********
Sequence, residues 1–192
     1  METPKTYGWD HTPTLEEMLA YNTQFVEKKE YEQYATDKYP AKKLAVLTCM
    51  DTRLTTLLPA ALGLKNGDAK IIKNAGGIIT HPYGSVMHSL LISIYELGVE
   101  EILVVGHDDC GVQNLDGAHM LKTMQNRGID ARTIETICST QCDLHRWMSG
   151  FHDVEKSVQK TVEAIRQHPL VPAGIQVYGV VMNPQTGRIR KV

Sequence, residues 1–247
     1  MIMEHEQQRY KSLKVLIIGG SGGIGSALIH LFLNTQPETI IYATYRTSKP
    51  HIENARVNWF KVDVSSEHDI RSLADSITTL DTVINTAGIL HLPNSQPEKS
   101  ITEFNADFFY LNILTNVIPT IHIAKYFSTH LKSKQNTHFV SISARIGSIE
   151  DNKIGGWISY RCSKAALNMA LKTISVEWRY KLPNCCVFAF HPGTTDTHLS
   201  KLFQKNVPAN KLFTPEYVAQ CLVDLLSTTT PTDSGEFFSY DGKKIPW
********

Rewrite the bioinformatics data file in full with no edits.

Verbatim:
Sequence, residues 1–192
     1  METPKTYGWD HTPTLEEMLA YNTQFVEKKE YEQYATDKYP AKKLAVLTCM
    51  DTRLTTLLPA ALGLKNGDAK IIKNAGGIIT HPYGSVMHSL LISIYELGVE
   101  EILVVGHDDC GVQNLDGAHM LKTMQNRGID ARTIETICST QCDLHRWMSG
   151  FHDVEKSVQK TVEAIRQHPL VPAGIQVYGV VMNPQTGRIR KV

Sequence, residues 1–247
     1  MIMEHEQQRY KSLKVLIIGG SGGIGSALIH LFLNTQPETI IYATYRTSKP
    51  HIENARVNWF KVDVSSEHDI RSLADSITTL DTVINTAGIL HLPNSQPEKS
   101  ITEFNADFFY LNILTNVIPT IHIAKYFSTH LKSKQNTHFV SISARIGSIE
   151  DNKIGGWISY RCSKAALNMA LKTISVEWRY KLPNCCVFAF HPGTTDTHLS
   201  KLFQKNVPAN KLFTPEYVAQ CLVDLLSTTT PTDSGEFFSY DGKKIPW